Domestic Violence
Nicole Huff, LCSW
Bay Area Academy
Nicole Huff
August 2007
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Agenda
• Introductions & objectives
• History of spousal violence
• What does the research say?
• Domestic violence
• Domestic violence and children
• Domestic violence and child welfare
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History
*SafeNetwork: California’s Domestic Violence Resource
• 753 B.C.-The Laws of Chastisement
• 1500’s-Lord Hale and the marital rape
exemption
• “Rule of Thumb”
• 1804-Napaleonic Code
• 1800’s America
• 1919-19th Amendment
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History cont.
• 1920’s-Psychoanalysis
• 1960’s-Practice of non-arrest
• 1970’s-Beginning of the Battered Women’s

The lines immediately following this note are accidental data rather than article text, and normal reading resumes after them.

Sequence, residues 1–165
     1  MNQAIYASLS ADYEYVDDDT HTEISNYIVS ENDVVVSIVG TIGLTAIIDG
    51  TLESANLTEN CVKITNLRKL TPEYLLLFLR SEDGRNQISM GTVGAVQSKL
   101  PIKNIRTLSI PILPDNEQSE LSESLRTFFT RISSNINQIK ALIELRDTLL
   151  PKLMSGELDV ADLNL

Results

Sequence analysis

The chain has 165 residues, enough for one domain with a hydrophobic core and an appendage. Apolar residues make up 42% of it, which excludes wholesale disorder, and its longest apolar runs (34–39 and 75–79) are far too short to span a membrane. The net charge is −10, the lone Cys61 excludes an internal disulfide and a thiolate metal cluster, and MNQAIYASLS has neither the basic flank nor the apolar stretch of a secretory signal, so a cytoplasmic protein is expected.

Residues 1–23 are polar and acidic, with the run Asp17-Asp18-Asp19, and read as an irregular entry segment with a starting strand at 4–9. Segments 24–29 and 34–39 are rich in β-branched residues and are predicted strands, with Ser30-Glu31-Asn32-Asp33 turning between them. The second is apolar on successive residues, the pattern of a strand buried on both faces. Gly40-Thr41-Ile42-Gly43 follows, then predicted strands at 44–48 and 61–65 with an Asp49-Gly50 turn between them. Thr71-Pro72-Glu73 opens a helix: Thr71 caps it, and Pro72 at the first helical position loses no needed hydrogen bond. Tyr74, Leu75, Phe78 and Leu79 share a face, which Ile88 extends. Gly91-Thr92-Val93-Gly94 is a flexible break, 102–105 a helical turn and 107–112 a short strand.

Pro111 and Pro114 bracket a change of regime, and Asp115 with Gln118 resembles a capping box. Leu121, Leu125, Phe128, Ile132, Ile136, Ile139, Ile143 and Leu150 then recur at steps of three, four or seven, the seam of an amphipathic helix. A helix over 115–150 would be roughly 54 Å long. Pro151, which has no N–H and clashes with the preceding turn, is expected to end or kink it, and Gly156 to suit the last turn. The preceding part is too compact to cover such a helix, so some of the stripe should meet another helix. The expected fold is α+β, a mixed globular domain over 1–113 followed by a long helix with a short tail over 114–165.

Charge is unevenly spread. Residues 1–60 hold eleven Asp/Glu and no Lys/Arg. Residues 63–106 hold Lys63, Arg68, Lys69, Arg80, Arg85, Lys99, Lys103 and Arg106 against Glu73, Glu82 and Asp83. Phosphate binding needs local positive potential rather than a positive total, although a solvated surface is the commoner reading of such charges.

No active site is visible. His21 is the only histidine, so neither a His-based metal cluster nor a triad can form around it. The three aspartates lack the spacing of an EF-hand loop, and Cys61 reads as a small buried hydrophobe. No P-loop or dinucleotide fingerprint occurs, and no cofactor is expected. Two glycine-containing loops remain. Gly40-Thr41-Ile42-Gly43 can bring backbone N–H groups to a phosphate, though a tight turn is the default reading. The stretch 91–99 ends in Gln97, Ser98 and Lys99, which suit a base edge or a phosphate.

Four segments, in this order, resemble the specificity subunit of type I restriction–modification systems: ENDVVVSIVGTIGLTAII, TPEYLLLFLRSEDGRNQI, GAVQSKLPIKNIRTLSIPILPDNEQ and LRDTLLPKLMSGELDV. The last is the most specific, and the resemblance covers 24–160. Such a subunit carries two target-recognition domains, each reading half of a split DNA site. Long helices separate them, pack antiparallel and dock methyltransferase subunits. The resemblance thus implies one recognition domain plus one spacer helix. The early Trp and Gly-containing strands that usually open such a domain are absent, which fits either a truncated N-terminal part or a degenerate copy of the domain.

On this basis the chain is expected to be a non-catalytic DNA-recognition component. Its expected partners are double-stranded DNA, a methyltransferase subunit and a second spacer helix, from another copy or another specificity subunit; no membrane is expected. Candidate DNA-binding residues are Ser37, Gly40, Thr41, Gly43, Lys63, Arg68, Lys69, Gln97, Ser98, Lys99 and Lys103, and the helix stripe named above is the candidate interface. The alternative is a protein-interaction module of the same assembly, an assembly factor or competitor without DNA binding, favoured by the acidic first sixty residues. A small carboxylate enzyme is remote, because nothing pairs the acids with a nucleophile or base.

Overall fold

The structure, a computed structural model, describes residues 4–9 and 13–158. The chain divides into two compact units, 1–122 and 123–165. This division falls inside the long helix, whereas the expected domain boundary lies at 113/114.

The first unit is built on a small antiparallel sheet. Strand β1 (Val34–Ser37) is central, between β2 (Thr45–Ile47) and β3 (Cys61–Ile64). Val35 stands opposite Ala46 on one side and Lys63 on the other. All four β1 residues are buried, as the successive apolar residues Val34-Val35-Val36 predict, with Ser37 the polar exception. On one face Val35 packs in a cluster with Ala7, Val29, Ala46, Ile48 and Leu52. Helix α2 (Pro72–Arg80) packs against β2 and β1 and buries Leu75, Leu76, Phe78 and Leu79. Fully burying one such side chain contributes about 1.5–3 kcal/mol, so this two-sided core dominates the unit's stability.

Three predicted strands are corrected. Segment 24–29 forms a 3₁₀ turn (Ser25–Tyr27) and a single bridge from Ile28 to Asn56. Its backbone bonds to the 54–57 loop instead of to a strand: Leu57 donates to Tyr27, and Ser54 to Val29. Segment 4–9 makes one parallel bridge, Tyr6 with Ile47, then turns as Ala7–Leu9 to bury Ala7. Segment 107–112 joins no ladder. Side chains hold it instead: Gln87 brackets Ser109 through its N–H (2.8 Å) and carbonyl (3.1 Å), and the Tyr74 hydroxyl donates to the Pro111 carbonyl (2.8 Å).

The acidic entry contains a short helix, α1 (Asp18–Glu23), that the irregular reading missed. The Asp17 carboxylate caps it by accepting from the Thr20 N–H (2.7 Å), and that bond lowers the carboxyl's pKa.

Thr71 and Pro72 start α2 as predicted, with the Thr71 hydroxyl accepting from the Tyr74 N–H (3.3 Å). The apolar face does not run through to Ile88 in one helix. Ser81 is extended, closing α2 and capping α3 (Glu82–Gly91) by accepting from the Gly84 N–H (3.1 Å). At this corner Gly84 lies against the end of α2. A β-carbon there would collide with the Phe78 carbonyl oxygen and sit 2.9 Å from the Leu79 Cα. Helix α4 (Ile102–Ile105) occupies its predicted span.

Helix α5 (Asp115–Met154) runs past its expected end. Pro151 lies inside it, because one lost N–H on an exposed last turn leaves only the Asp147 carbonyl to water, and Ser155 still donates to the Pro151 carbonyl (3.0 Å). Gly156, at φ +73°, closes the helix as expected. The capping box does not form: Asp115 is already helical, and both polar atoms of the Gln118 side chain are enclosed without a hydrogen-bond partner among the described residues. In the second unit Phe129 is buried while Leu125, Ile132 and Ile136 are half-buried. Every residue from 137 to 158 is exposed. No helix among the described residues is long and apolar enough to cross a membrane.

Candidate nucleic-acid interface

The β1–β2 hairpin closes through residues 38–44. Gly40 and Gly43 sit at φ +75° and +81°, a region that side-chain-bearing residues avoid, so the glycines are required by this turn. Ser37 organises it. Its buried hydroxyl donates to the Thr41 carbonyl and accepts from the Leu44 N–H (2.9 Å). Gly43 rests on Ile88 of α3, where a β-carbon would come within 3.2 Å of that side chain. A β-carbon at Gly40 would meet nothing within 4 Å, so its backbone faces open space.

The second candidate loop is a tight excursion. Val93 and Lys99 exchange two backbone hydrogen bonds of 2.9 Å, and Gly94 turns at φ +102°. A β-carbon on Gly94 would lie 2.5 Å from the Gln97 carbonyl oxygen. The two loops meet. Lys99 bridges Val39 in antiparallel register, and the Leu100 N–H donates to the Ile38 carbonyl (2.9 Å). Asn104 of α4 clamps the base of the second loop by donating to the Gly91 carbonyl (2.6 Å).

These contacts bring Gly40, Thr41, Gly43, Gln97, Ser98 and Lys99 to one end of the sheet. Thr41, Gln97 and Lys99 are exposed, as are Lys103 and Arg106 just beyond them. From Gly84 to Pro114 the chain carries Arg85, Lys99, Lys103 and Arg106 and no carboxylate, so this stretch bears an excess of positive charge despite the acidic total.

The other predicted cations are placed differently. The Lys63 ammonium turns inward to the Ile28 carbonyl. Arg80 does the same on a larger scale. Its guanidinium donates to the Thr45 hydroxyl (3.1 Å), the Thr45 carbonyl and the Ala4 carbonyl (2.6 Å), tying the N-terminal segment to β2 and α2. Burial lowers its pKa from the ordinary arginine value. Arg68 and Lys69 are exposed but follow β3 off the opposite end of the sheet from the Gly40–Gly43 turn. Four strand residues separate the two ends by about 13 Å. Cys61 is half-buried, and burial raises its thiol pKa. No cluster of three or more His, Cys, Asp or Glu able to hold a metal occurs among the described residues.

Movement
• Late 1970’s-Lawsuits against law
enforcement
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History cont.
• 1984-Battered Women’s Syndrome
• 1994-Violence Against Women Act
• 1990’s-Status of marital rape exemption
Where are we today?
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Prevalence
*Center for Disease Control, Injury Center
*A note about data collection
• Nearly 5.3 million incidents against women
and 3.2 million against men a year
• 1.5 million women and 800,000 men
raped and/or physically assaulted
• 2 million injuries and 1,300 deaths
• 85% of victims are women
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Risks
• Battered women
– six times greater risk for drug abuse
– fifteen times greater risk for alcohol abuse.
• Women who abuse drugs/alcohol are more
likely to become victims of domestic violence
(Miller et al., 1989)
• (25%) to (50%) of men who commit violent
acts of DV also have substance abuse
problems
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Higher Risks for Women:
• Partners experienced periodic
unemployment
• Partners did not graduate high school
• Assault by a former partner than her